- Employ advanced problem-solving skills through cooperative communications activities
- Demonstrate an awareness of the power of language in literary communications
- Demonstrate the importance of language and composition in furthering the problem solving process (initiating, developing, and organizing thought)
- Demonstrate how communication formats influence language choices and usage
Speaking and Listening
- Interact effectively in formal or informal situations
- Adjust speaking style to suit audience, purpose, and situation
- Employ effective presentation aids (e.g. diagrams, line drawings, overheads) to enhance communications
   Deliver a research-based oral presentation to inform or persuade
   Give and respond effectively to feedback during oral presentations
- Paraphrase with a critical understanding of arguments
Reading, Research and Reference
- Summarize, make inferences, draw conclusions and critically evaluate
- Evaluate the effectiveness of one's own and others' written presentations using criteria that include the following:
   Plain language
   Coherence and organization 
   Consistency in the application of usage conventions
   Relevance to argument of supporting evidence and examples
   Appropriateness to intended purpose and audience
   Attention to detail
-Paraphrase main ideas in written or oral instructions
- Distinguish between implicit and explicit messages
- Apply prior knowledge and experience to assist understanding of new material
- Employ a variety of strategies and sources to gather information, including print sources, library resources and the internet; summarize; make inferences; draw conclusions and critically evaluate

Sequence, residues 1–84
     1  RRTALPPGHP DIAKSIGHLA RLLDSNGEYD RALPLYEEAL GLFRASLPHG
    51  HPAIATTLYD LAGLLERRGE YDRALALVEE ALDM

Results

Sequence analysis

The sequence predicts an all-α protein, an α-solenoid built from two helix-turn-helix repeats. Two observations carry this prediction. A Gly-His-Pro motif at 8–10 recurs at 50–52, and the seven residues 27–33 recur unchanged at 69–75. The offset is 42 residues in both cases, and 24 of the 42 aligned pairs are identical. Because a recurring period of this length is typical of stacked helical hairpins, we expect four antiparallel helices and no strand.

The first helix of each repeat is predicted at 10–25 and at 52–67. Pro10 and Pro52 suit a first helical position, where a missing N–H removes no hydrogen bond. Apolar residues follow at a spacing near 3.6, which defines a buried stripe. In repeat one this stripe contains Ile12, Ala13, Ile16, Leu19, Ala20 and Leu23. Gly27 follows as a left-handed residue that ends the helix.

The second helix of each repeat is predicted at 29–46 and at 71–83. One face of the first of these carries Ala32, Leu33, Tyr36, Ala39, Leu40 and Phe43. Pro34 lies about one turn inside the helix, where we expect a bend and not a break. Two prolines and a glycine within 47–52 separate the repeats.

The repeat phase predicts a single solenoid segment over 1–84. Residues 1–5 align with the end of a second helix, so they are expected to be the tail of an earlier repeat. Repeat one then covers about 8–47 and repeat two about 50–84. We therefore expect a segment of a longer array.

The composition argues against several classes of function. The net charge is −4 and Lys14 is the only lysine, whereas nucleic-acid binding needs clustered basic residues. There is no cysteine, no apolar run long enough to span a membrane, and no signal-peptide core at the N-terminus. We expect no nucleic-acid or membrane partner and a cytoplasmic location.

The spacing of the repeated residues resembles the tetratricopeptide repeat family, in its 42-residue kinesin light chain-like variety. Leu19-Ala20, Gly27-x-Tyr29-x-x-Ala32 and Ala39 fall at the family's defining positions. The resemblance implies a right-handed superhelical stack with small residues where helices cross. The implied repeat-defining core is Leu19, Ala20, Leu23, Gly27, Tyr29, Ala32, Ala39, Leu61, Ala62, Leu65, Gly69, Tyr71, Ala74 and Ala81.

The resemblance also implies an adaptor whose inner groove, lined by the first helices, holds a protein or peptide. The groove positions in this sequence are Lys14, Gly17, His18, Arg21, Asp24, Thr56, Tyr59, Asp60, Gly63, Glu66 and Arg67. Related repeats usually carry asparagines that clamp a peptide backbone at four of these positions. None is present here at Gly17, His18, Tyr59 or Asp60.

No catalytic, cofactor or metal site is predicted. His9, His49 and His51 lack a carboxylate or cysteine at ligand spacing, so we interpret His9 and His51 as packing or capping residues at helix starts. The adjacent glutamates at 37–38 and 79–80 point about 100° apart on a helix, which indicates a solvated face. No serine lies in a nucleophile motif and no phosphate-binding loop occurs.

- Apply knowledge of the influence, writing style, and background of particular authors to understanding of their writings
- Read a variety of works, including those by Canadian authors, in several genres, including short stories, novels, poetry, and drama
- Place a piece of literature in its historical context
- Describe the social and personal benefits of reading great literature
Written Communication
- Edit work fully and competently
- Demonstrate effective word choice
- Demonstrate a variety of sentence structures
- Demonstrate a variety of transition techniques
- Demonstrate connotative language used effectively
- Gather information and organize it into a research paper or report of approximately 1500 words using and appropriate documentation style
- Write literary essays using appropriate structure and development techniques
- Discuss literary terms (conflict, theme, character, mood, tone, irony, foreshadowing, archetype, and setting) in the analysis of works studied (e.g. poetry, fiction, drama)
Computer Literacy
- Employ a variety of research tools and resources including Internet search engines and information sites
- Use appropriate software for writing essays


Grading System: Letters


Passing Grade: D (50%)


Percentage of Individual Work: 90


Percentage of Group Work: 10



Textbooks are subject to change.  Please contact the bookstore at your local campus for current book lists.